Let’s say you’re shopping for a new credit card or perhaps a new skin care regime.  You go online and do a search like “best travel credit cards” or “best anti-aging eye creams.”  You will almost certainly get a lot of search results driving you to product review sites where you can get recommendations and advice from…whom?  A site, like Wirecutter, with strict editorial controls, that receives affiliate compensation for purchases through product links on the site but whose editorial judgments are otherwise unaffected by compensation?  Or, a site called something like “BeautyReviews.com” run by a company that owns and sells the products it is purportedly independently reviewing? 

In just the last month, two consumer protection organizations, with very different purviews, examined certain practices of product review sites to gauge potential consumer harm. Their conclusions are important and underscore the significance of both transparency and the separation of editorial and advertising objectives in the product review eco-system.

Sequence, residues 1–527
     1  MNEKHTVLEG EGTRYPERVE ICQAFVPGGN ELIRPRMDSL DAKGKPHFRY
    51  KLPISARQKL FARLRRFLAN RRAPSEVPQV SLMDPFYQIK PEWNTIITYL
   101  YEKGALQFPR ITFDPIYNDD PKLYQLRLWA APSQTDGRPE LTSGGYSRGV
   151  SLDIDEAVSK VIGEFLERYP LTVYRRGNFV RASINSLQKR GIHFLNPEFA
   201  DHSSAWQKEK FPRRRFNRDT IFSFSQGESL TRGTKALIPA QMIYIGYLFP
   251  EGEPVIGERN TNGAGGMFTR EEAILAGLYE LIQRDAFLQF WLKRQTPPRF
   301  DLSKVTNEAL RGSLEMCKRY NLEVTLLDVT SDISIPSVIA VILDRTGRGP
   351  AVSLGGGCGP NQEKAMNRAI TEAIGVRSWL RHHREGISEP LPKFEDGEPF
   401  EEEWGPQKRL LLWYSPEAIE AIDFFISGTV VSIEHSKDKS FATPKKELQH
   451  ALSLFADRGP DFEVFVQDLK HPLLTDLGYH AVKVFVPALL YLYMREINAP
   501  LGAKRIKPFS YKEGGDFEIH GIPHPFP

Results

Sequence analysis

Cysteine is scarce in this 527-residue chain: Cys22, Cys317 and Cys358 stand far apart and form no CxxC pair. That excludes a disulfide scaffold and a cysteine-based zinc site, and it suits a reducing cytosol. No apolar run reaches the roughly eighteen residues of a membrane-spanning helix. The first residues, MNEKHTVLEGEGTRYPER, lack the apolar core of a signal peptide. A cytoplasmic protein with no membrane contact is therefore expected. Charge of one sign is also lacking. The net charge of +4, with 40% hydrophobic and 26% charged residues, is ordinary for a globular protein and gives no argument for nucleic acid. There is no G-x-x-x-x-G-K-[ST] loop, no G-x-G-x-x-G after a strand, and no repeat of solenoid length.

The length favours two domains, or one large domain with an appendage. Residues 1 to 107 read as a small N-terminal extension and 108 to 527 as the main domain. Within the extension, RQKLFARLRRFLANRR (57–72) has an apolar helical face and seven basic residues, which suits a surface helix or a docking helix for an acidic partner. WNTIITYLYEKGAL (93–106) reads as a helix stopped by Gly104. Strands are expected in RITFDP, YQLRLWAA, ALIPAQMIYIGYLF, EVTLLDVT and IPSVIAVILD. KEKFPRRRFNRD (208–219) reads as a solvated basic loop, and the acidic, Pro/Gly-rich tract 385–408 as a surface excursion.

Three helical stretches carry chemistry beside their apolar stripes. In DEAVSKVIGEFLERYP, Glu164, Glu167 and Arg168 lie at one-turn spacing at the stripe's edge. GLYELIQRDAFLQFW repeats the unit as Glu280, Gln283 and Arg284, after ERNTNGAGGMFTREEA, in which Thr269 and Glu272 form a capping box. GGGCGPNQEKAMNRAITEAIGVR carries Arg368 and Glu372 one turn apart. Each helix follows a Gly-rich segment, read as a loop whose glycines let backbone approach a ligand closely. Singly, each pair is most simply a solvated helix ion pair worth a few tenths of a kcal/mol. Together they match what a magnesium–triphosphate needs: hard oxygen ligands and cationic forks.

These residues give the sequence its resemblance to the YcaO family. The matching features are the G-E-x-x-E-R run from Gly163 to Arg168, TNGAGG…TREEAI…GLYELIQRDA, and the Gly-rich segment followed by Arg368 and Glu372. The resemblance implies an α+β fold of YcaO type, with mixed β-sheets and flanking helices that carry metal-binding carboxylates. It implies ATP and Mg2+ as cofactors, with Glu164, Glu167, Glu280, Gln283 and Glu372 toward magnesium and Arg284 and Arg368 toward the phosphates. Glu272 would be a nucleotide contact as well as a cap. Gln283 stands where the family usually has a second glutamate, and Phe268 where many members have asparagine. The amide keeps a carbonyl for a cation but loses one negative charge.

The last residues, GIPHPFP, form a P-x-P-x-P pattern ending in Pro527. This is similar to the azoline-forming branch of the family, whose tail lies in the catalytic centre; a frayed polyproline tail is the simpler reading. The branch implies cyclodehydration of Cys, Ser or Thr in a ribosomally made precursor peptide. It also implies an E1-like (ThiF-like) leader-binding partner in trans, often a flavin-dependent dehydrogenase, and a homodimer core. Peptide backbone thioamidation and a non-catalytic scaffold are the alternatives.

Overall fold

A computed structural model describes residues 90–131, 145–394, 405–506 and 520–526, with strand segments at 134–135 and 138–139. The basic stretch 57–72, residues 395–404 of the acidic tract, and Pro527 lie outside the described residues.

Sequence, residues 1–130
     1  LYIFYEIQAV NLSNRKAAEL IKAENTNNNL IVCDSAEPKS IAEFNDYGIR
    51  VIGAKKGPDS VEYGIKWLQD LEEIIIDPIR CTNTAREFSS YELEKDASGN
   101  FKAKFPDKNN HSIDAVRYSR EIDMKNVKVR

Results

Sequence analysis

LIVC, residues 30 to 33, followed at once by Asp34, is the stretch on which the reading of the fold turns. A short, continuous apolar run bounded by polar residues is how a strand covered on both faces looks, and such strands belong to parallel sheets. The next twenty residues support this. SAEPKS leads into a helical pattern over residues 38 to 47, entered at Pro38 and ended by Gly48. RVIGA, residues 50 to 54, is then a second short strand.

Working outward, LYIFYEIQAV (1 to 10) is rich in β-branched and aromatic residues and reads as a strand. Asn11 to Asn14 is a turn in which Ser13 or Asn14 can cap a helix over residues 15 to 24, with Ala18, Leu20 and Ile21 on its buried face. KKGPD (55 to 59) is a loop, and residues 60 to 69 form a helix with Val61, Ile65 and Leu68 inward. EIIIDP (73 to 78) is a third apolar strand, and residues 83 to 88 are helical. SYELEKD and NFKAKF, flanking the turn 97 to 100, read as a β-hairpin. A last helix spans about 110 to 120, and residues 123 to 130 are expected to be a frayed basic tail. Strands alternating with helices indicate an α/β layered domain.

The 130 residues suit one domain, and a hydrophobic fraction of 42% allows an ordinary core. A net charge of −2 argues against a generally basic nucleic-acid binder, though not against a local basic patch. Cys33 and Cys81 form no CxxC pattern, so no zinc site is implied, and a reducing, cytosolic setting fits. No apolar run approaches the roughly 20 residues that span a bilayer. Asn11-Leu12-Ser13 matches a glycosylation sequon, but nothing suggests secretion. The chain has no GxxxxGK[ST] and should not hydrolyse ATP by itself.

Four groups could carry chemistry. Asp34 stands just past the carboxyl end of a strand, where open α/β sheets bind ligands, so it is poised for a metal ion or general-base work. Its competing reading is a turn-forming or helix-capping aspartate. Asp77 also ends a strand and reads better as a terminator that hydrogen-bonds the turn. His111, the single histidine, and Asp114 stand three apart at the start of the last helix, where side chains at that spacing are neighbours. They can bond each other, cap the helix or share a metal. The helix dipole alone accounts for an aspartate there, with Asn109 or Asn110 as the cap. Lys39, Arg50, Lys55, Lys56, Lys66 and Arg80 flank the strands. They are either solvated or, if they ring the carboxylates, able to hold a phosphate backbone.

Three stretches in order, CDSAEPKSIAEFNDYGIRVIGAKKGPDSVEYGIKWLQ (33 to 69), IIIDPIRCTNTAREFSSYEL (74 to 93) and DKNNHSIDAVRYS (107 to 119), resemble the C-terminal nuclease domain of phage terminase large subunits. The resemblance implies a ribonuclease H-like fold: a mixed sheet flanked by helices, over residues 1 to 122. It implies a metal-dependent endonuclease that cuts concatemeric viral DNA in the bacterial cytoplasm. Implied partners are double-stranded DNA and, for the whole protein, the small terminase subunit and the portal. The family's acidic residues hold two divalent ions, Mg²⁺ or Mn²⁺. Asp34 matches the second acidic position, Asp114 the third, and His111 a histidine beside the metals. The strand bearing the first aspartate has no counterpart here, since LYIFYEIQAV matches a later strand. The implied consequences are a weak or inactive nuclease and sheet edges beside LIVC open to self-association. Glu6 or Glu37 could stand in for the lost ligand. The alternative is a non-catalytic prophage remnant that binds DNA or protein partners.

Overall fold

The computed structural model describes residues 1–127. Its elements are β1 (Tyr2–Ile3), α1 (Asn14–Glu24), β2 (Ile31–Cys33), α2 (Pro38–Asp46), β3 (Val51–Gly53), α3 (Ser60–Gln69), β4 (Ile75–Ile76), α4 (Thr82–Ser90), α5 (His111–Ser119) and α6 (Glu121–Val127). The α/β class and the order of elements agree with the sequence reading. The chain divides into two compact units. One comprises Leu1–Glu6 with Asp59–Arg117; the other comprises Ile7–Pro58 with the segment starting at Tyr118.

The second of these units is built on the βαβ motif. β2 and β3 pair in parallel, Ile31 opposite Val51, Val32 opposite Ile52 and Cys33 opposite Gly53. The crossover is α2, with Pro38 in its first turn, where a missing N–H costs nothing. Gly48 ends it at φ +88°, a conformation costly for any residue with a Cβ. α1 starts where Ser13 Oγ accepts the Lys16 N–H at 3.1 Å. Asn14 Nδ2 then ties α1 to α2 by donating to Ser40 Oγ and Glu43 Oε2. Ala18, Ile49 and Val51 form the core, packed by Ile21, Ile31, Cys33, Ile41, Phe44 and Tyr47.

On leap day, the Consumer Financial Protection Bureau issued Circular 2024-01, addressing the issue of whether operators of digital comparison-shopping tools and lead generators  -- the digital intermediaries in the financial marketplace -- can violate the Consumer Financial Protection Act by “preferencing products or services based on financial or other benefits to the operator.” By way of background, the Circular notes that the CFPA prohibits covered entities from engaging in any unfair, deceptive or abuse act of practices.  An act can be considered abusive if it “takes unreasonable advantage” of certain circumstances, including “the reasonable reliance by the consumer on a covered person to act in the interests of the consumer.”  Further, ensuring that consumers can effectively compare and choose among options for consumer financial products and services is “among the core statutory objectives of the CFPB.”

Under this rubric, the Circular states that operators of digital comparison-shopping tools are “covered persons” under the CFPB and that they can “engender reasonable consumer reliance by virtue of playing the role of helping people select providers.”  In other words, they rank, rate and recommend, and provide tools for consumers to evaluate financial products like credit cards. And they often claim that their rankings, ratings and recommendations are objective, independent and based on the interest of the consumer.  Even when they’re not.  And that’s the rub.  When product review sites hold themselves out as independent and acting in consumers’ best interest, but then steer consumers to more expensive or less favorable products because those products will generate more revenue for the review site itself, they are taking unreasonable advantage of consumers.